Nicholas, whose late husband was a miner for 30 years, spent Saturday at a local parade in honor of Peter Mitchell, a 19th-century miner credited with discovering taconite, a type of iron ore, in the surrounding hills.
Like other Babbitt residents huddled in a drizzle under party tents, drinking beer from plastic cups and watching a parade of politicians and giant mining machines, Nicholas said she appreciated Trump's promise to revive manufacturing in the United States.
She resents "tree-huggers" and what she sees as the overregulation of mining and fishing in the nearby wilderness. She wants job growth in a sparse town where the average high school graduating class size has fallen from about 150 in the mid-1980s, when her daughter Renee graduated, to about 20 today.
If Trump were to say something nice about Johnson on Wednesday, "then I'd vote for him," she said of Pawlenty's opponent.
Many of Pawlenty's defenders, including a number of local party leaders, side with him because they see him as better able to beat a Democrat in the fall.
Ted Lovdahl, the GOP chairman in the congressional district the president will visit, is a huge Trump fan. But he is also unapologetic about his preference for Pawlenty - even though he was not supposed to admit it because Johnson had earned the official GOP backing.
"I want to win in November, and Tim is the one who can win," said Lovdahl, a beef cattle farmer and logger who lives in Effie, Minnesota, a town of about 100 people two hours northeast of Duluth. "We have to win."
Pawlenty will not easily replicate Trump's performance in northern Minnesota. Nor is it a given that he will repeat his own statewide successes when he ran for governor in 2002 and 2006.
In those days, Pawlenty performed well in the suburbs - winning his own Dakota County, southeast of the Twin Cities, by 21 points in 2002. In 2016, that county's mix of inner and outer suburbs swung dramatically the other way, delivering Hillary Clinton a four-point victory.
That challenge helps explain much of Pawlenty's pragmatic message this year - to cut taxes but increase school funding, particularly vocational education, and to lower health costs.
It also helps explain why Pawlenty's opponents, in both parties, are decrying the education cuts he oversaw as governor a decade ago - and criticizing his six-year stint as chief executive of the Financial Services Roundtable, a major lobbying organization for banks, which paid Pawlenty $2.7 million in 2016, according to Internal Revenue Service filings.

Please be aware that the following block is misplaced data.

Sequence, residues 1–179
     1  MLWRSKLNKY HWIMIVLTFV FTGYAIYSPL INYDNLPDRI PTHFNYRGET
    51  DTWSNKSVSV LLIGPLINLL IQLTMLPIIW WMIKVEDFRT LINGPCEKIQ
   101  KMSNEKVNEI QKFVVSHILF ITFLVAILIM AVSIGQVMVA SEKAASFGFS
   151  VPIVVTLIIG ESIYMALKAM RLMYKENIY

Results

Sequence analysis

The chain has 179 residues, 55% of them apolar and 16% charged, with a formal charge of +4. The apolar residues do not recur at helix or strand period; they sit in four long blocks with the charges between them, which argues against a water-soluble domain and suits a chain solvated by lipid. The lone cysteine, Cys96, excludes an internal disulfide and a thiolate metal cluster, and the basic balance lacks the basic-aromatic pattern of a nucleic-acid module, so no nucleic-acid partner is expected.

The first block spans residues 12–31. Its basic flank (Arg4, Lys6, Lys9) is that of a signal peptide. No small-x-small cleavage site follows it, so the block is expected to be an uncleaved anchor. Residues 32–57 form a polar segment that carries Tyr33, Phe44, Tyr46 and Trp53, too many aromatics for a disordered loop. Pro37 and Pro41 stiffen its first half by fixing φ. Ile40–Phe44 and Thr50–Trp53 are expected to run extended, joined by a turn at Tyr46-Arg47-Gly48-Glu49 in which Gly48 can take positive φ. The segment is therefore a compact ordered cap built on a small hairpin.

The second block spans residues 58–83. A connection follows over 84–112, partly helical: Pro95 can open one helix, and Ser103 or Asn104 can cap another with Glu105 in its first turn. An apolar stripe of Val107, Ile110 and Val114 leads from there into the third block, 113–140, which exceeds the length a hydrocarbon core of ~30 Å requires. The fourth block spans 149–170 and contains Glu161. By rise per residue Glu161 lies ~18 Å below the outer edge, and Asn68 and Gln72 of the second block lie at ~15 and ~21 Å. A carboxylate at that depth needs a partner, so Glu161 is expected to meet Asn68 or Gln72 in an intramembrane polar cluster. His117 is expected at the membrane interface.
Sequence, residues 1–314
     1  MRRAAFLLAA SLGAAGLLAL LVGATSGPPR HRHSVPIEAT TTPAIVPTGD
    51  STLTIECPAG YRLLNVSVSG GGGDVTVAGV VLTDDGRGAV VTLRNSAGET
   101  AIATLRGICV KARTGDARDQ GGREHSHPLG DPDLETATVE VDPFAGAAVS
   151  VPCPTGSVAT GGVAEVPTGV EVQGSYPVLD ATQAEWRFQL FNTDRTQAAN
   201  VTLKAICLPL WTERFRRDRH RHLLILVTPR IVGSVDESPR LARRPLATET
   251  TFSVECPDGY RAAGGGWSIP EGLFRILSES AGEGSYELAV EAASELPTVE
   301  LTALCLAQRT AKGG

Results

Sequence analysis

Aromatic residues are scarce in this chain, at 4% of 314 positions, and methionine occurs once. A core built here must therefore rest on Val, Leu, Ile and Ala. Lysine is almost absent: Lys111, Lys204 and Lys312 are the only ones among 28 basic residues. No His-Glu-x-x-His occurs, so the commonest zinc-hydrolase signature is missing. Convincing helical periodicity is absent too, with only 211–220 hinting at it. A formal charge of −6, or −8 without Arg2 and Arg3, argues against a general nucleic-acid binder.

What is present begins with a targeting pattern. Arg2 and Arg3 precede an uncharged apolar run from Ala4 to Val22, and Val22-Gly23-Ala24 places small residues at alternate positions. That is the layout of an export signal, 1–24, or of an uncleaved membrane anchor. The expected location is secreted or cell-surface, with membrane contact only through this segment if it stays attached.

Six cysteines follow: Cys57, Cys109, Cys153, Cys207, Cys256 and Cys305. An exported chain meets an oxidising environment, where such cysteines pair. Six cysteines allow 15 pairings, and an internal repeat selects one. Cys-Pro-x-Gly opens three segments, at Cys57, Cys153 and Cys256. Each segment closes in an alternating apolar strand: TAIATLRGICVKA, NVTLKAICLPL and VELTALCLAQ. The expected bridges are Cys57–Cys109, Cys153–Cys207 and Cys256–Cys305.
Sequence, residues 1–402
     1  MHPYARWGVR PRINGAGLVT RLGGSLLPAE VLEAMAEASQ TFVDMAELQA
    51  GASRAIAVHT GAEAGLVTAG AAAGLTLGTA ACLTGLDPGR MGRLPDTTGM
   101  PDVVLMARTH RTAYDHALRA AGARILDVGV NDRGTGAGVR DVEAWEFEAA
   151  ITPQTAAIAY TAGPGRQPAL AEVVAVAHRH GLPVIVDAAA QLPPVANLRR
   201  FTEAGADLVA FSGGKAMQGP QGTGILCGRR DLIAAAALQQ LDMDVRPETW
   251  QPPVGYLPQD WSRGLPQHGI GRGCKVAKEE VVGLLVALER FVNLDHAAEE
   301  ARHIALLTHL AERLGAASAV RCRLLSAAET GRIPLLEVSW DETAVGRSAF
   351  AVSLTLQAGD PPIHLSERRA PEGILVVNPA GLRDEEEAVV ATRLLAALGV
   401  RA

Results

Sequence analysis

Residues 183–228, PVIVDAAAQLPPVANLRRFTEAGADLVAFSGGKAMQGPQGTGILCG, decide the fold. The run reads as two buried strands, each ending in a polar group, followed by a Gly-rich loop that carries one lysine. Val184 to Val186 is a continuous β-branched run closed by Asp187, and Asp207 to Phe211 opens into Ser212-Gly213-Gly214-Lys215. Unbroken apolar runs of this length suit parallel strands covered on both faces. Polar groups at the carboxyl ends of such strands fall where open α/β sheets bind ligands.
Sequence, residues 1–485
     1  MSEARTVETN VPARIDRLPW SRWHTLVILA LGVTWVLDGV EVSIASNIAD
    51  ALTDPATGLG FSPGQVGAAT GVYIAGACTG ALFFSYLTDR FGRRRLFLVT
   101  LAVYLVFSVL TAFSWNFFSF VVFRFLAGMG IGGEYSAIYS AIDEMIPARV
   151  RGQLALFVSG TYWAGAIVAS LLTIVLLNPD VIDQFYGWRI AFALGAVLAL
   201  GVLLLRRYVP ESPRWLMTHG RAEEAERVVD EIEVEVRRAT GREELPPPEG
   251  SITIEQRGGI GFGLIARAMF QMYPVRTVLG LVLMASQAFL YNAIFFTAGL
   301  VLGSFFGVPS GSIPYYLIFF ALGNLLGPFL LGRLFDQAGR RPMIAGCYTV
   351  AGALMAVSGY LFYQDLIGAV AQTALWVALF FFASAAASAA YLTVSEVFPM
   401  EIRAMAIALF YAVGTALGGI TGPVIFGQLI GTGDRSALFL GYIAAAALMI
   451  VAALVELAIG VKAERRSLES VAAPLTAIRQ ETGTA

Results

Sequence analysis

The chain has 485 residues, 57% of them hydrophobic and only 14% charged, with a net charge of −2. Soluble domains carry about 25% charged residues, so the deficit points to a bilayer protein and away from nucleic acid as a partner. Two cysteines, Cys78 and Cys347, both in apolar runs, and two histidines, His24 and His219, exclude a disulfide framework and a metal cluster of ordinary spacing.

Pawlenty is following a more conservative GOP playbook on the issue of immigration, blaming "political correctness" for what he contends is the proliferation of undocumented immigrants receiving public benefits. On health care, his pitch is more nuanced; he promises to lower costs for consumers with "market-based solutions" and a "shared savings model" but offers few other details.
Pawlenty's wiggle with Trump may feel familiar to voters who watched him struggle to take a stand on health care during his short presidential campaign in 2012. Ahead of a GOP presidential debate in New Hampshire in 2011, Pawlenty made headlines by accusing the eventual Republican nominee, Romney, of supporting "ObamneyCare" - an attempt to conflate the health-care plan Romney pushed as governor of Massachusetts with then-President Obama's Affordable Care Act.
But during the debate, Pawlenty demurred when asked to explain the term that he had used just that morning in a Fox News interview. His performance that night earned him a public rebuke from a viewer who was still in the early stages of contemplating his own presidential plans.
"Now, the problem with Pawlenty, he's trying to be a tough guy," Trump said on "Fox & Friends" the next morning. "I see his clips today on your show; he's trying to be a tough guy, but he's not. You know, you can't be something that you're not, but hey, he's trying."
When he ran for governor in the 2000s, Pawlenty talked about his roots in nearby South St. Paul, Minnesota: the meatpacking industry that used to drive the economy, his father's job as a truck driver, the fact that he was the first in his family to attend college. The power of that biography may have been diluted by his tenure as CEO, and it could fade further if the election becomes a referendum on Trump.
So far, many voters say it's simply too soon to know whom they'll support.
"I still like Tim Pawlenty," Republican Paul Welsh, 76, a retired pilot for the Air Force and American Airlines, said while he was picking up a coffee on Sunday in Apple Valley, a Dakota County community with miles-long stretches of suburban shopping and the ever-present sound of jetliners landing at the nearby Minneapolis airport.
"But this campaign in Minnesota hasn't really taken shape yet."
Jared Barker, a baggage handler for Delta Air Lines and lifelong Republican working on his laptop at the same coffee shop, used to like what he described as Pawlenty's libertarianism and opposition to "big spending." Now, given Pawlenty's work on behalf of banks and his embrace of Trump, he's less sure.
"He speaks in a soft manner. He comes across as a normal guy," Barker said. "But at the same time, he seems above it all. To me, he's a career politician."